Farenthold

Farenthold is a surname. Notable people with the surname include:

Frances Farenthold (born 1926), known as "Sissy", female Democratic U.S. politician, Texas House of Representatives

David Fahrenthold, journalist, The Washington Post

Blake Farenthold (born 1961), male Republican U.S. politician, U.S. House of Representatives

Harry R. Lewis

Harry Roy Lewis (born 1947) is an American computer scientist, mathe­ma­ti­cian, and uni­ver­sity admin­i­stra­tor known for his research in com­pu­ta­tional logic, textbooks in theoretical computer science, and writings on computing, higher education, and technology. He is Gordon McKay Professor of Computer Science at Harvard University, and was Dean of Harvard College from 1995 to 2003.

Lewis has been honored for his "particularly distinguished contributions to undergraduate teaching"; his students have included future entrepreneurs Bill Gates and Mark Zuckerberg, and numerous future faculty members at Harvard and other schools.

The website "Six Degrees to Harry Lewis", created by Zuckerberg while at Harvard, was a precursor to Facebook.

A new professorship in Engineering and Applied Sciences, endowed by a former student, will be named for Lewis and his wife upon their retirements.

Jim DeMint

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Memorial High School (Hedwig Village, Texas)

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Michael Kelly Award

The Michael Kelly Award, sponsored by the Atlantic Media Company, is awarded for "the fearless pursuit and expression of truth"; the prize is $25,000 for the winner and $3,000 for the runners-up. In 2003 the University of New Hampshire, Department of English, established the Michael Kelly Memorial Scholarship Fund, which awards a sophomore or junior student "who is passionate about journalism".

NBC News

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The division presides over America's number-one-rated newscast, NBC Nightly News, and the longest-running television series in American history, Meet The Press, the Sunday morning program of newsmakers interviews. NBC News also offers 70 years of rare historic footage from the NBCUniversal Archives online.

NBC News operates a 24-hour cable news network known as MSNBC, which includes the organization's flagship daytime news operation, MSNBC Live. The cable network shares staff and editorial control with NBC News. In 2017, the organization entered into a partnership and purchased a 25% stake in Euronews, a European 24-hour news network.

Pulitzer Prize for National Reporting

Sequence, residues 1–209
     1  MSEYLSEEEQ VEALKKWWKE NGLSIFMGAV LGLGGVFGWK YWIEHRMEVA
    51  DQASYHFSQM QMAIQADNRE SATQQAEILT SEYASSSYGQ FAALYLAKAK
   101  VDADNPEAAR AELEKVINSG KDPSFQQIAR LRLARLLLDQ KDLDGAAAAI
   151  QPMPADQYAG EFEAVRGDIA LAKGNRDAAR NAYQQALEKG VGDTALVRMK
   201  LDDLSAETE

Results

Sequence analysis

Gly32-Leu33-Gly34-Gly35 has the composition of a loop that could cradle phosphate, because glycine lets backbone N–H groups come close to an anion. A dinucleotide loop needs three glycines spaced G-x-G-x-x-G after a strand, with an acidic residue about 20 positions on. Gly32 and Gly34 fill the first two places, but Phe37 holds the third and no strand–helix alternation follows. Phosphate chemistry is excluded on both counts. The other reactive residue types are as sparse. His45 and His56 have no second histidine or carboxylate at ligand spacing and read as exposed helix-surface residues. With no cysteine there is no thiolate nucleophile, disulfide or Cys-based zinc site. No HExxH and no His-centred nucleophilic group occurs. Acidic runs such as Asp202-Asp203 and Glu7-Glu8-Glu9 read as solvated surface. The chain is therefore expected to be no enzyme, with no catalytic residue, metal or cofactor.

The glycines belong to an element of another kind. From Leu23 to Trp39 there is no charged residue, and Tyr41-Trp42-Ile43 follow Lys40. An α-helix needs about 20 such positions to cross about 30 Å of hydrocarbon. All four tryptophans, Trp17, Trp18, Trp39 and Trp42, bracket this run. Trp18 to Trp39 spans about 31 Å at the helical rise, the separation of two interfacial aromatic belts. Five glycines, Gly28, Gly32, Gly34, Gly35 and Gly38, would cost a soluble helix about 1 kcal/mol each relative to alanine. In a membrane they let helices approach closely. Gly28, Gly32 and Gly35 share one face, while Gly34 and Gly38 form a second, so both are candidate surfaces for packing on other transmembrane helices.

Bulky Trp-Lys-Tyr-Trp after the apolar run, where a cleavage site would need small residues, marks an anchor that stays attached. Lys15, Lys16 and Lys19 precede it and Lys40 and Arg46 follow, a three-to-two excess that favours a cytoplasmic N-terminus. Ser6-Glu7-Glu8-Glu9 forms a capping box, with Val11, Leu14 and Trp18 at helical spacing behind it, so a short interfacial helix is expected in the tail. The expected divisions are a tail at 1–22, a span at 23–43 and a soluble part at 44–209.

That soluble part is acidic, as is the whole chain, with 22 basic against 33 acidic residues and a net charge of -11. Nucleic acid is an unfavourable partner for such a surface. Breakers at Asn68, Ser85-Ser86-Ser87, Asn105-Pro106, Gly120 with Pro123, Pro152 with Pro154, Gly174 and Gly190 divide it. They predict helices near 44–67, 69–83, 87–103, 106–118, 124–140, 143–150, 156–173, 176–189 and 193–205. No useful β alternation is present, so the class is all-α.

This Pulitzer Prize has been awarded since 1942 for a distinguished example of reporting on national affairs in the United States. In its first six years (1942–1947), it was called the Pulitzer Prize for Telegraphic Reporting – National.

The Hillman Prize

The Hillman Prize is a journalism award given out annually by The Sidney Hillman Foundation, named for noted American labor leader Sidney Hillman. It is given to "journalists, writers and public figures who pursue social justice and public policy for the common good."Murray Kempton was the first recipient, in 1950. Organizations have also received the award. Each winner receives $5,000.

Toner Prize for Excellence in Political Reporting

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Veracity of statements by Donald Trump

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White House Correspondents' Association

The White House Correspondents' Association (WHCA) is an organization of journalists who cover the White House and the President of the United States. The WHCA was founded on February 25, 1914 by journalists in response to an unfounded rumor that a United States congressional committee would select which journalists could attend press conferences of President Woodrow Wilson.The WHCA operates independently of the White House. Among the more notable issues handled by the WHCA are the credentialing process, access to the President and physical conditions in the White House press briefing rooms. Its most high-profile activity is the annual White House Correspondents' Dinner, which is traditionally attended by the President and covered by the news media.

Not every member of the White House press corps is a member of the White House Correspondents' Association.

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Yamiche Léone Alcindor (born 1986 or 1987) is an American journalist who currently acts as the White House correspondent for the PBS NewsHour and as a political contributor to NBC News and MSNBC. In the past, she has worked as a reporter for USA Today and The New York Times. Alcindor has written mainly about politics and social issues.